Viral videos are garnering attention for a Twin Cities children’s hospital and others around the country — and tugging at viewers’ heartstrings in the process.
The recent buzz started with a video created by nurses at the University of Minnesota Amplatz Children’s Hospital. It shows young cancer patients singing and dancing to Sara Bareilles’ “Brave,” a song picked because the kids often have to be encouraged to be brave as they deal with their medical challenges, a hospital spokeswoman says.
“These nurses did it themselves, the editing — pretty ambitious,” says spokeswoman Jennifer Amundson. “I think they did a really good job. The kids are excited about it, too.”
So is Bareilles, based on a tweet she posted after watching the video:
Crying, watching this. Thank you for inspiring me, Amplatz Children's hopspital. http://t.co/y2vjtDpYRV— Sara Bareilles (@SaraBareilles) October 9, 2013
So far, the Amplatz Children’s Hospital’s “Brave” video has received about 750,000 views on YouTube since being posted Oct. 7. Many viewers have offered words of support for the hospital’s efforts and commented on how inspirational the video is.
“Bawling my eyes out,” one wrote. “This is so powerful! Absolutely beautiful!”
The Twin Cities-made video seems to have gotten a dramatic bump in viewership in the past day from New Hampshire. A similar video was posted recently by the Children’s Hospital at Dartmouth-Hitchcock, and viewers have commented that they found out about the Minnesota video after watching the New Hampshire one. The latter clip, posted Monday, features young patients singing along to Katy Perry’s empowerment anthem “Roar.” It has received more than 1 million views in just a few days.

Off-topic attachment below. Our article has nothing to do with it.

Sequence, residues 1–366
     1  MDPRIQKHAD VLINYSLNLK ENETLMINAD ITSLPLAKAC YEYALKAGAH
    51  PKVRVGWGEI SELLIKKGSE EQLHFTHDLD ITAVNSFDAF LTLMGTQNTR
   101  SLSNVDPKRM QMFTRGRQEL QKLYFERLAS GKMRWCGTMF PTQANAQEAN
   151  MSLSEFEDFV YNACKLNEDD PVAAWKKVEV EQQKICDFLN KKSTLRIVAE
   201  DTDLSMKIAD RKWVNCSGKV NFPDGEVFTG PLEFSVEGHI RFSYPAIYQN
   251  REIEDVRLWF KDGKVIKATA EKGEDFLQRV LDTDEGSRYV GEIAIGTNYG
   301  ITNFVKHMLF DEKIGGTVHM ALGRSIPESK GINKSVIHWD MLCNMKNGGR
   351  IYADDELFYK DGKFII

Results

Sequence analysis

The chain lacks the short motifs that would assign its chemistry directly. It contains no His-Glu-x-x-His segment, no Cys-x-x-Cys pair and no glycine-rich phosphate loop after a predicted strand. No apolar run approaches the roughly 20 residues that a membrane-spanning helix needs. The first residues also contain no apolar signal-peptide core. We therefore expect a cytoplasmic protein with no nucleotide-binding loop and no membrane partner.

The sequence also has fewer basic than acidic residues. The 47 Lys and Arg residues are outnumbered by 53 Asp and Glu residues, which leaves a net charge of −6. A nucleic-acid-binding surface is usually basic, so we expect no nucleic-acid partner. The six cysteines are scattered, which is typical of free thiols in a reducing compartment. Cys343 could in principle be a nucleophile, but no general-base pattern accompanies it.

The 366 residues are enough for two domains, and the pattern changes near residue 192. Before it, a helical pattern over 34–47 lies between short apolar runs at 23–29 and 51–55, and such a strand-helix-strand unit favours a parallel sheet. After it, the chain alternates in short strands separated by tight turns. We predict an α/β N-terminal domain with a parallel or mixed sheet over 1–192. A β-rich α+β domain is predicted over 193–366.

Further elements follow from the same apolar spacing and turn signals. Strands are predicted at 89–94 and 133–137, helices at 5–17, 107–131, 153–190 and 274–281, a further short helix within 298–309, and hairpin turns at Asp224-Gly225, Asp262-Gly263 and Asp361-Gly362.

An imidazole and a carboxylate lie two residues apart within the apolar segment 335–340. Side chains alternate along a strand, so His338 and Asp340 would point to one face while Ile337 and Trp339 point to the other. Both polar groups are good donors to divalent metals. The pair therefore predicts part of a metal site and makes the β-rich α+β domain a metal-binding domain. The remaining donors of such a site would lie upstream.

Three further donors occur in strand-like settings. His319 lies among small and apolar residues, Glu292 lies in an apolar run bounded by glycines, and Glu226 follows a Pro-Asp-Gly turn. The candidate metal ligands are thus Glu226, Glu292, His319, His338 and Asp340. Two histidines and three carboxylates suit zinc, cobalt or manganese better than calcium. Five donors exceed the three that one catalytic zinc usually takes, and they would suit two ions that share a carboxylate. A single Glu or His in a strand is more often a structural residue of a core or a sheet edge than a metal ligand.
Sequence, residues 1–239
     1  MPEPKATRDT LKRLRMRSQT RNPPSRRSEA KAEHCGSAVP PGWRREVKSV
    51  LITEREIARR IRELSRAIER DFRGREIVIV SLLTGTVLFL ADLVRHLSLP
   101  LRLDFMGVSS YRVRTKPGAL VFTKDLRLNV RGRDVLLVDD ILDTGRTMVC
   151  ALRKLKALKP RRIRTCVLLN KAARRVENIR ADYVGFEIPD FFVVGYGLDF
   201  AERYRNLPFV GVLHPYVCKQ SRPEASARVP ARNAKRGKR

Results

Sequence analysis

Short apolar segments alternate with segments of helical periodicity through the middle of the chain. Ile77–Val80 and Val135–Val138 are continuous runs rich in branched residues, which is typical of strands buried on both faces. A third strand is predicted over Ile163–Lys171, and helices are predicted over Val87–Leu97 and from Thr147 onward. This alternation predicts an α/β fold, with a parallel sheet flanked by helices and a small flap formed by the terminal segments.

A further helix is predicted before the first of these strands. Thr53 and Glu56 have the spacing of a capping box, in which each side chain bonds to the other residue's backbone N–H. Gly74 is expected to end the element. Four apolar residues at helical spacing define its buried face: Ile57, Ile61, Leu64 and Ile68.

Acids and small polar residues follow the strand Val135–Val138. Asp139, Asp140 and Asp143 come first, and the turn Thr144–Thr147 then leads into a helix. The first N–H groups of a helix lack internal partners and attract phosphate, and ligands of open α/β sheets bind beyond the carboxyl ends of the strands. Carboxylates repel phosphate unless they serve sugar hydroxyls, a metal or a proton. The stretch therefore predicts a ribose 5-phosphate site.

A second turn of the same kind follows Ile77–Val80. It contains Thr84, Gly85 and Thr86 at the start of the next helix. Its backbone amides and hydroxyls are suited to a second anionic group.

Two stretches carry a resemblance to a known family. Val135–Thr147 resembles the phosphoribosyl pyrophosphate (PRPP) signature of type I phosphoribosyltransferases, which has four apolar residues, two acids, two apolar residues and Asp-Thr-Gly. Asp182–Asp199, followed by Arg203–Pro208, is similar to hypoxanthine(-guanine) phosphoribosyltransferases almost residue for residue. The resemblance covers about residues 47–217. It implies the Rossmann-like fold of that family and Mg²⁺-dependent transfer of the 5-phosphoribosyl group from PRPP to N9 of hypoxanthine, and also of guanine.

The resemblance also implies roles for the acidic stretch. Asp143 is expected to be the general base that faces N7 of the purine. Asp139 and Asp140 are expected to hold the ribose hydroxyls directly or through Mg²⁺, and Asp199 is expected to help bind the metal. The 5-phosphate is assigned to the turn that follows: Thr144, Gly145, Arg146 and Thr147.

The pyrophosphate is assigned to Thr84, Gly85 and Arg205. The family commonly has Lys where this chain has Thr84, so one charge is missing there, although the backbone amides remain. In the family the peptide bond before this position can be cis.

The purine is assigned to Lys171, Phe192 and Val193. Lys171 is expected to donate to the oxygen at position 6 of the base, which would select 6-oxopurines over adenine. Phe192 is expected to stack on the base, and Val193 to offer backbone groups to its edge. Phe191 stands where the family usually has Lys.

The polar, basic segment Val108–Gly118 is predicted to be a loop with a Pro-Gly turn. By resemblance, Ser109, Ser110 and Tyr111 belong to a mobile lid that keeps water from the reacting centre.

The video began as a tribute to the participants in the hospital’s annual Heroes Half Marathon, its major fundraiser, explains hospital spokesman Rick Adams.
“The song had been on the mind of one of our child life specialists, who decided to make it happen and put this all together in about five days,” he says. “The video shooting and production work was donated by a local producer. Once the race was over and our participants and supporters had seen it, we posted it to our YouTube channel. From there, social media took over, and the video has taken off.”
Of course, the viral video that might have inspired both recent efforts appeared a year and a half ago from Seattle Children’s Hospital, featuring Kelly Clarkson’s “Stronger.” That clip has been viewed more than 3 million times on YouTube.
Here are all three videos if you want to see how long you can watch without tearing up over the determination and strength of their young stars.
Star Tribune staff writer Allie Shah contributed to this report.